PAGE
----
04/18/2012 02:31 pm ET Updated Oct 11, 2012

Brazilian Decor


Bright colors, bold patterns, inventive reuse... decor in Brazil is anything but dreary. With five weeks and over 6,000 kilometers of travel, from the Amazon down the coast to the big southern city of São Paulo, we soaked in our share of Brazilian style.

As much as I love a good design center, luxury design isn't what Brazil is all about. Here is Brazilian decor and all its raw beauty, charms, quirks and creativity.

(Above) Of all places, my favorite outdoor furniture of the trip was atop Rio's Sugar Loaf Mountain.


A word on the coveted brazilwood and foundation of early Brazilian design. It is not named after the country, the country is named after it. It grows all through the forests and with its ember-like color (or "brasa" in Portuguese) it inspired the nation's name. Today this hard wood is protected, but found pieces are still used for accessories. With a little help from our Amazon guide, we carved this kitchen spoon out of a stick we found.


I won't get too much into folksy souvenirs, but the bright colors and happy disposition of the typical painted wood carvings are indicative of the Brazilian look and spirit.


In central and northern Brazil, hammocks are an integral part of the home. More than just a backyard accessory, woven hammocks are what many people use to sleep. I was a little nervous spending five nights this way in the Amazon but it was surprisingly comfy! Beautiful, portable and incredibly inexpensive, it's kind of a brilliant bedding alternative.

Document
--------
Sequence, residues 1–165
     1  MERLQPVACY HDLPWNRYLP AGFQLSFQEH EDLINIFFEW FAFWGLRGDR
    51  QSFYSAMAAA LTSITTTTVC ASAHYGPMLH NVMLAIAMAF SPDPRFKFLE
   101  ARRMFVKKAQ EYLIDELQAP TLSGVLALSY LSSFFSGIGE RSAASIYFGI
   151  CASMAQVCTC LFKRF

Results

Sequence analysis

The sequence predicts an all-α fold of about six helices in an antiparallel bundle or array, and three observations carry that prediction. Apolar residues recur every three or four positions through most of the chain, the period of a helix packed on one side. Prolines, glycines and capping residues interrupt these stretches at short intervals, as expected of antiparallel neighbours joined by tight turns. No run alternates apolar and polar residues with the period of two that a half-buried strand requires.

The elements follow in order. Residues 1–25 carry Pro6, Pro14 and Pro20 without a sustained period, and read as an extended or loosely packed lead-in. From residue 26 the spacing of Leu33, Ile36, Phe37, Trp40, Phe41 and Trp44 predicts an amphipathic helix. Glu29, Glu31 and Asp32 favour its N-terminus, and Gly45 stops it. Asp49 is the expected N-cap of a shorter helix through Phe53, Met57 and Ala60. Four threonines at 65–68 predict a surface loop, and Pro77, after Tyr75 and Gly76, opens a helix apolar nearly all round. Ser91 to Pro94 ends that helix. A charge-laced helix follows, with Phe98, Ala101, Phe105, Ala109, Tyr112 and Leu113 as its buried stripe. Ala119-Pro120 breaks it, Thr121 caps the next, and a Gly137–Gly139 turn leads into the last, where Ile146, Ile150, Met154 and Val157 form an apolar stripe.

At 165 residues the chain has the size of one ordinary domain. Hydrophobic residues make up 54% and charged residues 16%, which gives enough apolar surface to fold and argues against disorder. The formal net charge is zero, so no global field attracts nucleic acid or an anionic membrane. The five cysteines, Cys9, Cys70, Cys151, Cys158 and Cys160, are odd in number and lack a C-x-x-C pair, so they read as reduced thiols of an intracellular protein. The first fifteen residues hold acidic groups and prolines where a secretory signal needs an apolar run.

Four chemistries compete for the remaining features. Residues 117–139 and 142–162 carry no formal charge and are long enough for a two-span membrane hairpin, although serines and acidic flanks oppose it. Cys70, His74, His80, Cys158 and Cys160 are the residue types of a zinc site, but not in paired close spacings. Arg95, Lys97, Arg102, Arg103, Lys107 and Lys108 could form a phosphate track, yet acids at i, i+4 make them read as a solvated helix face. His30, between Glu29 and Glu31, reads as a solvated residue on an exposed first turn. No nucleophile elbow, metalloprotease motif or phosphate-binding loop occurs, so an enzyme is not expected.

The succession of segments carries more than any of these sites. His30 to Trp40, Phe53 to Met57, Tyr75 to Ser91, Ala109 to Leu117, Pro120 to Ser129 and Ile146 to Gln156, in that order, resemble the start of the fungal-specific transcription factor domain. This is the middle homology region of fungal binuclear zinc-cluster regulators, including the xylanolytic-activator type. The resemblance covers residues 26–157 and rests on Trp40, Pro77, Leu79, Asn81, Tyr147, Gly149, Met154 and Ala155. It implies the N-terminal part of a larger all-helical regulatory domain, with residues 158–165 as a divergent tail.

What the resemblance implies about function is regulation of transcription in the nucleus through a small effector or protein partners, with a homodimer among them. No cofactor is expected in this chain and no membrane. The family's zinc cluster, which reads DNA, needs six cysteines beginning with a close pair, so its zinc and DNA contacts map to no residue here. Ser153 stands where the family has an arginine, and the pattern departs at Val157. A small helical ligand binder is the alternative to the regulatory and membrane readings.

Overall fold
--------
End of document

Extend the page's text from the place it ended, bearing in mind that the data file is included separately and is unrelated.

I fell in love with the flat-weave rugs and table linens that were sold all through the state of Ceara. They had the best stripes in the richest colors.


In the coastal towns of Pernambuco, sculpture made out of old palm-tree trunks were everywhere. The spindly roots make for the greatest head of hair, right?


With summer weather year-round, the outdoor fabric choices were fantastic! This one company, Voga Ledervin, had spunky prints with palm trees, sail boats and this chic splatter stripe.


Lighting is made out of just about anything in Brazil. Gourds, sea shells, wine jugs, you name it. Spotted in a corner food stand, this pendant lamp is constructed from a cluster of plastic, two soda bottoms and connected to another bottle slit into a modern shade. Resourceful, to say the least.


Adored these cheeky clay busts we saw at Cabral in Salvador. Vintage Brazilian design is fabulous when you can find it.


Salvador's Afro-Brazilian roots give the decor its own distinct look. These tote bags celebrate their classic motifs of lacy headdresses and prayer bracelets of Señor Bonfim (the legend goes: tie them with three knots and make a wish for each. When the knots wear through, your wishes come true. I think mine has a few months to go.)


Who says a fridge should be a plain Jane? A canvas can be any ol' thing in Brazil and everything could always use a bit more color.

Crossposted from

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